Hundreds of thousands of Indian women suffer from PCOS/PCOD, and the number keeps rising at an alarming rate.
1. Adopt the right mindset
Women tend to ignore irregular periods and other related symptoms UNTIL they get married or begin a family. PCOD has a number of negative effects on the health of its sufferers – weight gain, hair loss, face hair growth (hirsutism), acne, mood swings, etc. Leaving it unattended will lead to insulin resistance, diabetes, and obesity.
PCOD should be addressed at an early age (i.e., late teens or early 20s). Most gynecologists do not recommend lifestyle changes unless you are trying to conceive (TTC). To regulate periods, they may prescribe hormone tablets/contraceptive pills; however, these pills often come with side effects. Adopt the right attitude – we are going to address PCOD for our own good health, not just to have a baby. The same applies after you deliver a baby as well.
2. Address stress inducing situations/people
The mental pressure women face today is immense. The pressures and responsibilities of studies, work, commute, household and career. With age, our responsibilities only multiply. Moreover, when we are married and have difficulties conceiving, society (including close relatives and friends) makes fun of our situation instead of giving us genuine support.
Be aware of people and situations that stress you out. Keep as far away from them as possible. Reduce your stress by cooking, cleaning, reading, listening to music, going for walks, spending time in nature, or gardening, whatever helps you. Let’s not use junk food, ice cream, chocolate, tea, or coffee to relieve stress. From my experience, these might only provide temporary relief from stress, but they have a ton of side effects.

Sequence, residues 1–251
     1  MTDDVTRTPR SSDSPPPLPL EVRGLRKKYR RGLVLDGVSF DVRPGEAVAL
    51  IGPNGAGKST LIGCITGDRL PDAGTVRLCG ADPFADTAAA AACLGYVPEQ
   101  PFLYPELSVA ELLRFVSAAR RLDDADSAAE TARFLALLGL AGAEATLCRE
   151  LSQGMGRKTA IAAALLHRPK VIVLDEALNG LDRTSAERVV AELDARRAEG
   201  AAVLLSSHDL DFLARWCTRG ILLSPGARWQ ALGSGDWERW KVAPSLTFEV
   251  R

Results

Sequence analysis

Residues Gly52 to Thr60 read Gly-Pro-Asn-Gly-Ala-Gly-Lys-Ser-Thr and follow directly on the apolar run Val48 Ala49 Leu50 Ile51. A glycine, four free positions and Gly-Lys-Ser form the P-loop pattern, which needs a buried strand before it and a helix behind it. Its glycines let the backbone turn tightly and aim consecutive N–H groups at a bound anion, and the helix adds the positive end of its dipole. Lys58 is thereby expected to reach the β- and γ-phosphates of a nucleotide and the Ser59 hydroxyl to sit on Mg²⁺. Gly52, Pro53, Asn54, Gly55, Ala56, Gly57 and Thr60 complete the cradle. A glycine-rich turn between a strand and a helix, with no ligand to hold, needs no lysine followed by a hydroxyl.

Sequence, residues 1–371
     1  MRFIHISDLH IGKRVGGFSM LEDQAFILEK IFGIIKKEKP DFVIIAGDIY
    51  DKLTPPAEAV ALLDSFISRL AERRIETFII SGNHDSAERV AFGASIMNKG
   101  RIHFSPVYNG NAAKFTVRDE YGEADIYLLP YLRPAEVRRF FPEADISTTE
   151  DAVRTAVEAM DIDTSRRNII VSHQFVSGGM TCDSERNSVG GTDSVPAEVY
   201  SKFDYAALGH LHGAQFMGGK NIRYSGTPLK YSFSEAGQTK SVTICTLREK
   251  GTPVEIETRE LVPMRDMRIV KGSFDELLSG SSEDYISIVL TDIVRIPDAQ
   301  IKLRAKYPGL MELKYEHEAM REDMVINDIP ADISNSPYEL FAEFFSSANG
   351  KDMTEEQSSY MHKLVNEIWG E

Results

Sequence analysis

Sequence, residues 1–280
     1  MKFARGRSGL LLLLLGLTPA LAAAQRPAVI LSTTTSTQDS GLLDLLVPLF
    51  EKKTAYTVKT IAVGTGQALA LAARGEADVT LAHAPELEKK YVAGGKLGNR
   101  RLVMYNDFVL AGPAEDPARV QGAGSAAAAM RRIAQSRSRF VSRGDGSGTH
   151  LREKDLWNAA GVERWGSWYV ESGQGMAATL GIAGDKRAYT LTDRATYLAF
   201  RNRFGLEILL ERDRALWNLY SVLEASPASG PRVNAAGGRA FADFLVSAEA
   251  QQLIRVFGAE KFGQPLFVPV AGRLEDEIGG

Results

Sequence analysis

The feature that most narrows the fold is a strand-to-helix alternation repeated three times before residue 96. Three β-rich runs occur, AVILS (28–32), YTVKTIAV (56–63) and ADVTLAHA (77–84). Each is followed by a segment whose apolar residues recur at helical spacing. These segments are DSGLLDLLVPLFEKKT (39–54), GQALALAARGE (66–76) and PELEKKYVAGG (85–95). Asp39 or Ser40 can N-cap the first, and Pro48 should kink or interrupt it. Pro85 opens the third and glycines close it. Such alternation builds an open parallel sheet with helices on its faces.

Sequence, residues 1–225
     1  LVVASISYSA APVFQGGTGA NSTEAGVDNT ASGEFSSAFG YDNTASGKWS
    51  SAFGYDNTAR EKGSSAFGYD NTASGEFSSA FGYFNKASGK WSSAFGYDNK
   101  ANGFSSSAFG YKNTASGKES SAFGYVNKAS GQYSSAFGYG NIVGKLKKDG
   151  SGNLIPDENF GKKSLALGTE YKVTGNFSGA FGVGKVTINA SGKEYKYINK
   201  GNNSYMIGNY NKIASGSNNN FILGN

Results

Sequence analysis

3. Eat only when hungry
Previously on PCOD, I mentioned “Never skip breakfast” but I have learned from experience over the past few years that skipping or delaying breakfast until you are hungry is okay. The same topic was covered in a detailed post.
Avoid mindless grazing, such as watching the TV and eating snacks as you process information in your mind. Consider eating 2-3 healthy meals a day. You can have a handful of nuts or fruit mid-morning/evening if feeling hungry.
4.Limit dairy intake
Today’s commercial dairy products contain growth hormones, antibiotics, and other chemicals that are unwelcome. The amount of dairy I consume has decreased greatly, though not to the point of quitting.
Paneer, cheese, and other heavy dairy products are not digestible to my body. Apart from coffee and a small bowl of curd, I don’t drink milk or any other dairy products. Take a week without dairy to see what a difference it makes.
5. Be active throughout the day
We all know that exercise is important. Unfortunately, most people (including myself) do not move much after an hour of exercise in the morning.
Walking to buy groceries and vegetables (rather than ordering online), participating in physical activities (gardening, cleaning, cooking) etc. are some of the ways we can keep ourselves active. The days I am physically active throughout my day, the better I sleep. Otherwise, the days when I am sedentary, my sleep becomes disturbed.